By Susan S. Night, LLM candidate
Health and human services in Texas are coordinated and delivered through twelve agencies underneath the umbrella of the Texas Health and Human Services Commission (HHSC). These agencies employ approximately 50,000 persons operating in over 1,000 offices statewide. This year, the 78th Texas Legislature enacted sweeping changes to the HHSC through H.B. 2292, including the consolidation of all twelve agencies into five streamlined entities. As a result, services offered to children, the aging, those suffering from alcohol and drug abuse, the deaf, the blind, the mentally retarded, the disabled and others will be delivered through the following agencies: Health and Human Services Commission; Department of Family & Protective Services; Department of Aging and Disability Services; Department of State Health Services; and Department of Assistive and Rehabilitative Services.
In order to accomplish this monumental task, the HHSC has issued a Request for Proposals (RFP) to obtain consulting services to assist and support HHSC in transforming administrative support services to these agencies in accordance with H.B. 2292. The amount of money to be spent on consulting services is currently not known, as the project is to be partially funded by federal dollars and partially self-funded through savings realized by the consolidation. On Monday, November 10, 2003, the Houston Chronicle reported they requested information under the Texas Public Information Act about the 94 companies that have submitted proposals for consulting contracts with HHSC. To date, only 12 have voluntarily released their information, while others, including the consulting firm tentatively awarded the project management role, are actively seeking protection of this information. This action prompts the question of how much information should the public have about private firms who play a critical role in the planning and delivery of health care services to the citizens of Texas?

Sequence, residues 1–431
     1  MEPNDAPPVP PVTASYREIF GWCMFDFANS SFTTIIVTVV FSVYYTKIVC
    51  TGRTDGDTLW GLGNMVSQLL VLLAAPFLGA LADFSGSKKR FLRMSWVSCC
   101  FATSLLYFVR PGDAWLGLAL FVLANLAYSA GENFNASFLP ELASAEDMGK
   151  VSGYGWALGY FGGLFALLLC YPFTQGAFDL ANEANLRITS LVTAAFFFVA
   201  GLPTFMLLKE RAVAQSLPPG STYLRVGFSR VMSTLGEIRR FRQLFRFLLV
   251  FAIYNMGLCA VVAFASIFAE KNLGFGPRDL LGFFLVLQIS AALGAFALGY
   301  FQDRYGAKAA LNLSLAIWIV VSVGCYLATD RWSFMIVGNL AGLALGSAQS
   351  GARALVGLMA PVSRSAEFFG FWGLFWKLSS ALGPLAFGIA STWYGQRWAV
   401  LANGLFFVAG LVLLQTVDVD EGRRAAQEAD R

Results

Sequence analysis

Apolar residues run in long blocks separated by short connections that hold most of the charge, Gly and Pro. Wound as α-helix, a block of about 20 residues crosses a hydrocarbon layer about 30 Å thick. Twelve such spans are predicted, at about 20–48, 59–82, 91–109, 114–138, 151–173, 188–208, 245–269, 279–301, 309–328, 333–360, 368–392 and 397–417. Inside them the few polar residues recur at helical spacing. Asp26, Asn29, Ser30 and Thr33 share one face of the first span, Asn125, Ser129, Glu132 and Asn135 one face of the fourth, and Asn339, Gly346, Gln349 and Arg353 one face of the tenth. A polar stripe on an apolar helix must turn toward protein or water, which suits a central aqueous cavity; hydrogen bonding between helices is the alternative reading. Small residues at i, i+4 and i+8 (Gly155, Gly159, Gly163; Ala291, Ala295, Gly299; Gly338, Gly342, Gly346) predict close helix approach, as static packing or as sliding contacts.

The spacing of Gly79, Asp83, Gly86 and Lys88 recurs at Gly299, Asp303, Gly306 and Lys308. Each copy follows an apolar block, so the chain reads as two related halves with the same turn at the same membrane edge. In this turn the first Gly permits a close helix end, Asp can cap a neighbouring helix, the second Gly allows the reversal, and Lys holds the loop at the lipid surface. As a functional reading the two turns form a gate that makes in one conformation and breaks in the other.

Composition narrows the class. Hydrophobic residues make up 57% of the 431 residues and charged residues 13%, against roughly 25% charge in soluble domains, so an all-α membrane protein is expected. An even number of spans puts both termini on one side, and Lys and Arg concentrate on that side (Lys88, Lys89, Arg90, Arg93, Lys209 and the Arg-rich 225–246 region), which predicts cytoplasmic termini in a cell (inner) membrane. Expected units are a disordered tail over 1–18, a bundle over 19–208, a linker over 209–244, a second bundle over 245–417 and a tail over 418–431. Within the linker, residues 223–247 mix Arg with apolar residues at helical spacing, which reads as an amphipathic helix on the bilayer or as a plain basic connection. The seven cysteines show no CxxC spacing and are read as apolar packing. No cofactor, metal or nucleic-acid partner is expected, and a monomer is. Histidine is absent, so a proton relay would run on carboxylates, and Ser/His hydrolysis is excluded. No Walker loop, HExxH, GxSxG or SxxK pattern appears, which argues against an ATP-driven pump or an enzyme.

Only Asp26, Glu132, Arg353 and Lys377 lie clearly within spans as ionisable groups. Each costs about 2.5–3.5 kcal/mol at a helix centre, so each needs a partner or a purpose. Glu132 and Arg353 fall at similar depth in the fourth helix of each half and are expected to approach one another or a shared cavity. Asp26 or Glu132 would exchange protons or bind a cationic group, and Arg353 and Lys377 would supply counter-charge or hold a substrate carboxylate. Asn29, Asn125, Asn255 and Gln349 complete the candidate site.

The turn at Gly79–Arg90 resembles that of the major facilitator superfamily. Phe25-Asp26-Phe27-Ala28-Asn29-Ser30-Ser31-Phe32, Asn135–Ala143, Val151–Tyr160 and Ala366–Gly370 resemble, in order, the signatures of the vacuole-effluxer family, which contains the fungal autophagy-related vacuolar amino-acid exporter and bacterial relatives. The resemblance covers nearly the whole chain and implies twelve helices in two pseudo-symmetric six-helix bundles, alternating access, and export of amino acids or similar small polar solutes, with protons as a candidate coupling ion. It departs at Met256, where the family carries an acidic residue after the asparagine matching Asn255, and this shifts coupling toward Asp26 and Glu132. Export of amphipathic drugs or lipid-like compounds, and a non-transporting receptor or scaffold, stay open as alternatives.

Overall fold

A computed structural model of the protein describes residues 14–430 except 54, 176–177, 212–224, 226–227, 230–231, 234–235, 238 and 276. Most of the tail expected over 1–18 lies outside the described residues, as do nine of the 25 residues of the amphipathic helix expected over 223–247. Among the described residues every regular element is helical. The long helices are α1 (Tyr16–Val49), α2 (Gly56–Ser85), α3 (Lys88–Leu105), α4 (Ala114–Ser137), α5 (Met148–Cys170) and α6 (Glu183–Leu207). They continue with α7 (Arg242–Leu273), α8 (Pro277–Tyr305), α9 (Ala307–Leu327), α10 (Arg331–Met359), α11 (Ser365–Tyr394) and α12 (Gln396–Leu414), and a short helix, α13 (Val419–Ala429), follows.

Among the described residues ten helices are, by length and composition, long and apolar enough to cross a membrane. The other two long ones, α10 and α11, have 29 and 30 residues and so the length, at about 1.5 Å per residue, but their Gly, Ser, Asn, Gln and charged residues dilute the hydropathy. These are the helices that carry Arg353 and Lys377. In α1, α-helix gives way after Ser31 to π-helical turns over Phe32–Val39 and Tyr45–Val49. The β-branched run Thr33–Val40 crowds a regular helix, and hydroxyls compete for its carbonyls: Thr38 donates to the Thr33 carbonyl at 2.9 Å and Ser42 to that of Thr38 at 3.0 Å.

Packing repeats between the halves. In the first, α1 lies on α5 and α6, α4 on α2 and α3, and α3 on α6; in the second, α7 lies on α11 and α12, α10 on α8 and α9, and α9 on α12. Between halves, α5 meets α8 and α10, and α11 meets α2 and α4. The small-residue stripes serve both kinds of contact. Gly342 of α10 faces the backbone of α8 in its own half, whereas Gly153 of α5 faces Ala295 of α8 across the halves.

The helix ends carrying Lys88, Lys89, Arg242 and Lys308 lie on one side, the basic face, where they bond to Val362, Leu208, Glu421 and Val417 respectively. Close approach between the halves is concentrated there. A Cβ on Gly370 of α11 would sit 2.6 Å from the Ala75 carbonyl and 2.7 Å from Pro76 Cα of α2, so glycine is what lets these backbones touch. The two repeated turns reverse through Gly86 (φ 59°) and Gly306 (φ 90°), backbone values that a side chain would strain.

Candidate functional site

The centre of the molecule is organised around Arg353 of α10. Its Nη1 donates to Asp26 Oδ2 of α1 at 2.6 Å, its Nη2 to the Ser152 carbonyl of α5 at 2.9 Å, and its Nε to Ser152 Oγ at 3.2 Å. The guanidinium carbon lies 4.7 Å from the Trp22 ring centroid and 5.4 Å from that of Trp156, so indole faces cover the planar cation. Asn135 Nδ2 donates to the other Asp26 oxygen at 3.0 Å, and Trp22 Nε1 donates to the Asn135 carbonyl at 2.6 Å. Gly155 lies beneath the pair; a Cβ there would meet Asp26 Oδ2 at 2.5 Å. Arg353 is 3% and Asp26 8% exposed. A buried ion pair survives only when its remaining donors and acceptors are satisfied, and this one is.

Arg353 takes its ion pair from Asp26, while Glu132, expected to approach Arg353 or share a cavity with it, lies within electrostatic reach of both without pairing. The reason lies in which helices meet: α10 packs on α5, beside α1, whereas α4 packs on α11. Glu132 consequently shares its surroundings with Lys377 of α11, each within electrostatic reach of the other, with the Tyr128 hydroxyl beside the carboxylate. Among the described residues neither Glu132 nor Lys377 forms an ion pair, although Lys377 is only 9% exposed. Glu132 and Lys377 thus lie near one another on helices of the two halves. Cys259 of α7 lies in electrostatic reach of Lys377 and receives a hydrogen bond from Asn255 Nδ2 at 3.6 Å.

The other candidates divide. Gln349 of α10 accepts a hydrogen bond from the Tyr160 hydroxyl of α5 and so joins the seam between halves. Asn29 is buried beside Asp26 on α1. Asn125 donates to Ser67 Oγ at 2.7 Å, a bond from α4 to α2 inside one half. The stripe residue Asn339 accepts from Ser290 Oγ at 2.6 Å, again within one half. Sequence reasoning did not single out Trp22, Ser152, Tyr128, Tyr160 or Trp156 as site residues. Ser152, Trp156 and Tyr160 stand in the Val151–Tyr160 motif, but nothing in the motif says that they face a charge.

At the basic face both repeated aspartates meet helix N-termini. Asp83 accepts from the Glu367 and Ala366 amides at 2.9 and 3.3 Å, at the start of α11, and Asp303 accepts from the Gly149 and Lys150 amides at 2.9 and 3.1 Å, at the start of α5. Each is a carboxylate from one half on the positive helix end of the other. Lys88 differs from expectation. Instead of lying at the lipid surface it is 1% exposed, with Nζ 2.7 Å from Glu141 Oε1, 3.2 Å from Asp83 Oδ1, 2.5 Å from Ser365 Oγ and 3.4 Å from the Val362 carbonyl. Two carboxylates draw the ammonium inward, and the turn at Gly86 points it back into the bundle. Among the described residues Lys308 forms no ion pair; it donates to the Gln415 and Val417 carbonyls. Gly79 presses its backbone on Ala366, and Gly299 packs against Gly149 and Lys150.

Section 552.0029(a) of the Government Code states that information is public information if, in the transaction of official business, it is collected, assembled, or maintained by a governmental body. When a request for information is made to a governmental body, that entity shall promptly produce the information. (Section 552.221) However, if the governmental body considers the request to be within one of the exceptions, they must ask for an attorney general decision as to whether the information is indeed public or if it falls under some exception. (Section 552.301)
Since the property and privacy rights of third parties may be implicated
by the release of the information requested by the Houston Chronicle,
the HHSC was required to notify the consulting firms whose information
was a target of the request. These third parties may then appeal
to the Attorney General, claiming their information should be excepted
from release to the public. Deloitte Consulting, which is under consideration
for the lead project management consultant, claims that an organizational
map it has created is a trade secret, a list of other government contracts
it has performed is proprietary, and the numbers of employees it will use
are all confidential information. Another respondent to the HHSC
RFP, Shumaker & Company, argues that resumes of its employees would
give advantage to a competitor and should remain confidential.
Section 552.110 of the Government Code protects the property interests of the consulting firms by excepting disclosure of three types of information: 1) information considered to be confidential by law, either constitutional, statutory or by judicial decisions; 2) trade secrets; and 3) commercial or financial information for which it is demonstrated based on specific factual evidence that the disclosure would cause substantial competitive harm to the person from whom the information was obtained.